The curious thing about it all was that there were anomalies which should have been a good enough reason for continued study.  The unfortunate thing about it was that this continued "pathological scientific research" had to continue under a cloud of controversy.  The controversy continues to this very day.  Shouldn't the cold fusion confusion be laid to rest?

Saturday, December 3, 2011

Making Muons - Backstage Science

Uploaded by on May 3, 2011

It wasn't stated in this video, but muons can be useful for fusion reactions.  If enough can be made at a low enough energy cost, you just might get to break even or better for fusion energy production.


I'm looking for a way that may have been found to produce muons in quantity, which would appear to be necessary for energy production via muon catalyzed fusion.   Perhaps Stephen Horvath has found a way to do that.


From Wikipedia:
As of 2011, no practical method of producing energy through this means has been published, although some discoveries using "hall effect" show promise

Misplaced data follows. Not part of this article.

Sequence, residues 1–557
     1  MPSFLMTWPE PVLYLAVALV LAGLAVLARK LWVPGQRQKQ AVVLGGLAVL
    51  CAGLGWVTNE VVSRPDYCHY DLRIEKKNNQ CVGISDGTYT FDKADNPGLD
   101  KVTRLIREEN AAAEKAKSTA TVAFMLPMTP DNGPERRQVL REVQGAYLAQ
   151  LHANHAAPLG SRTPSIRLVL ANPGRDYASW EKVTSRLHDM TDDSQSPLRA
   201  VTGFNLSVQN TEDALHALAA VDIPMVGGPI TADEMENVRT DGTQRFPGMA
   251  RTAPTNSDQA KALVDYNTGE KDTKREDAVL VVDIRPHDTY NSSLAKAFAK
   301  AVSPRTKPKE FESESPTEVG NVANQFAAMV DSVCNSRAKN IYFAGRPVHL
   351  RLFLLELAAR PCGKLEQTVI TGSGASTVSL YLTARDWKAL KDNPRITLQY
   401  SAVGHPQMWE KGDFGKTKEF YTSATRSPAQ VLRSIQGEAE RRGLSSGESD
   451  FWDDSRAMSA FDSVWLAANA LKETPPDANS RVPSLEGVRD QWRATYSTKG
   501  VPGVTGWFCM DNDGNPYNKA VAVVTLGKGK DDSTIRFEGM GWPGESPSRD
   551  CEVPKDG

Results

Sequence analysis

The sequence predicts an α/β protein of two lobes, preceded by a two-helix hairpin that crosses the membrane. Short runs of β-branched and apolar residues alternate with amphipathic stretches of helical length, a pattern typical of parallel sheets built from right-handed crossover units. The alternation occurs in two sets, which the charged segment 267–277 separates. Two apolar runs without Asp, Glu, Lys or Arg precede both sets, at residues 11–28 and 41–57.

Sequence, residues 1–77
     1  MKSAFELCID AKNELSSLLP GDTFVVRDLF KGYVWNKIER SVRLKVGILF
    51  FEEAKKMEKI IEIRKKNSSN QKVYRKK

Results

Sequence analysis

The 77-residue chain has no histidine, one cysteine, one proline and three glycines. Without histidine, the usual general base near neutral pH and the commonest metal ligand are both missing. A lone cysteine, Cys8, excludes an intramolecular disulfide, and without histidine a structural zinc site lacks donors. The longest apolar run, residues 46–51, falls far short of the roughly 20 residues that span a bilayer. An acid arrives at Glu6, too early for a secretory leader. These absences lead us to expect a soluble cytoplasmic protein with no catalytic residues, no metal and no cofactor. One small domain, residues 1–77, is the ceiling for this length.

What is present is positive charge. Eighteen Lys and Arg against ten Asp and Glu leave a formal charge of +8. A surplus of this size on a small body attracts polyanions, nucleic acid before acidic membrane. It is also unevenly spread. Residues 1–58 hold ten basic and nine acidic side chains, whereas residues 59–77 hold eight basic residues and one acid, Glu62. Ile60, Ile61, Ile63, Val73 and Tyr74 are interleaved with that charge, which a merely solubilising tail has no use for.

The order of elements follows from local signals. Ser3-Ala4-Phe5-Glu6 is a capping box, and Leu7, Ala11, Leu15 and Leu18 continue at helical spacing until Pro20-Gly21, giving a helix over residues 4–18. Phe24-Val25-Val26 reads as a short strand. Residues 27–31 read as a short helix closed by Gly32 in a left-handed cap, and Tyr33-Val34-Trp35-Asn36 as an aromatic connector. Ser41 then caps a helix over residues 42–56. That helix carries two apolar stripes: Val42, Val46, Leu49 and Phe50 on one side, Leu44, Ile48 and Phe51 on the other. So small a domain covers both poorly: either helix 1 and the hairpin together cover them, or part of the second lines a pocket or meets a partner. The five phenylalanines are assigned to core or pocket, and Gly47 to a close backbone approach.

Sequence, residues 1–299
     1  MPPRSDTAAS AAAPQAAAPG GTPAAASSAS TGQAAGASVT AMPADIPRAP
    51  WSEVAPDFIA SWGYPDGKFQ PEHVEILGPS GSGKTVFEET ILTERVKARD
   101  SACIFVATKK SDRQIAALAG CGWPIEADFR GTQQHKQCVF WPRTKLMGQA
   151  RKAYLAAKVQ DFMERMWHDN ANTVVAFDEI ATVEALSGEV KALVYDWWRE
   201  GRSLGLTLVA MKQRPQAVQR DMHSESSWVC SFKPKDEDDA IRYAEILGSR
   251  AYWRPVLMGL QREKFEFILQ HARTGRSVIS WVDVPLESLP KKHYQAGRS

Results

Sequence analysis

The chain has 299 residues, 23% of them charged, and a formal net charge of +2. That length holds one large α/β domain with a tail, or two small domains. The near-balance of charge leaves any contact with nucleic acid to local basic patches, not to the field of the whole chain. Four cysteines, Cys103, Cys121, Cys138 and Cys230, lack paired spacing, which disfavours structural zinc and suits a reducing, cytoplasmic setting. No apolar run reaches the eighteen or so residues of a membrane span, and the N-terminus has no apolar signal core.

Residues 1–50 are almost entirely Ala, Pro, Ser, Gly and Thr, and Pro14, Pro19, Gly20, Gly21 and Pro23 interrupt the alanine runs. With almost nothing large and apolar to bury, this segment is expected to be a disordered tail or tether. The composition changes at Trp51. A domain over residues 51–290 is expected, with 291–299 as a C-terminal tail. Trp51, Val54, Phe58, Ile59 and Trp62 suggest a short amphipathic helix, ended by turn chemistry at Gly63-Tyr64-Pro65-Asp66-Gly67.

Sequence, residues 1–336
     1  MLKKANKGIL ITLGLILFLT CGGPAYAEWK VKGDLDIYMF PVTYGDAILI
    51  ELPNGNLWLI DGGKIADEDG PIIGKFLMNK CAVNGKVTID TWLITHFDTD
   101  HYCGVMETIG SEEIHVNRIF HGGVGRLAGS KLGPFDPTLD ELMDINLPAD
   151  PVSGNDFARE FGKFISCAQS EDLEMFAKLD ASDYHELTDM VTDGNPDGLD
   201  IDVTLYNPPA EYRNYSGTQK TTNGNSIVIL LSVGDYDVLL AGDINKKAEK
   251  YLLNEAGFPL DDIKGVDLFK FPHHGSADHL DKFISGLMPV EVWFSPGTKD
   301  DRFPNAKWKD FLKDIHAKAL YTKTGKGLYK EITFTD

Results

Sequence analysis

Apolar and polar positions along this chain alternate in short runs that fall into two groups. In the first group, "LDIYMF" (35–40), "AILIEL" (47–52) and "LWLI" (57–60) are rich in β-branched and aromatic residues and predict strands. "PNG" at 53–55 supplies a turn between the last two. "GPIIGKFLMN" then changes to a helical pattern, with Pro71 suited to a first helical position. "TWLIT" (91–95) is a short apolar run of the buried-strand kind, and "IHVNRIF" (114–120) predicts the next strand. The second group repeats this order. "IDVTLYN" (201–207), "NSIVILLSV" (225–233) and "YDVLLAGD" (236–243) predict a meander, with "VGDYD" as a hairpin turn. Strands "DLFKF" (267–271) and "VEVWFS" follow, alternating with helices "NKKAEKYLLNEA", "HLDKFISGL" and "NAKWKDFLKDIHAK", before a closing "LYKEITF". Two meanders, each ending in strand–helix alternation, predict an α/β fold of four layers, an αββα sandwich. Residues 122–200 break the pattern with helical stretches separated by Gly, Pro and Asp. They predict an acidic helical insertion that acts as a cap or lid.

If a collider were used, how much energy for each particle?  I wonder if some other means of fusion which is not at break even can be used in order to obtain a relatively low cost source of alpha particles.

Pushing the envelope

Most people who follow the space program have heard of the term "the right stuff".  There was a movie made by that name, which I've had for awhile, but watched again just recently.  The movie setting begins in 1947 and that's about the time that the sound barrier was being challenged.  At the time, nobody knew for certain what would happen when the sound barrier was reached.  There were those who believed that this was impossible.  Over history, many things that were said to be impossible weren't impossible after all. 

The Wright Brothers' feat of heavier than air flight was once considered impossible too.   But less than a half century after doing that impossible feat, the sound barrier was next.   The men challenging the sound barrier were test pilots and it was in their spirit to push the envelope.  After seeing this spirit just the other night, I was wondering, what happened?   Less than a half century after the Wright Brothers the envelope was still being pushed, but nearly a half century after walking on the moon, why isn't the envelope being pushed today?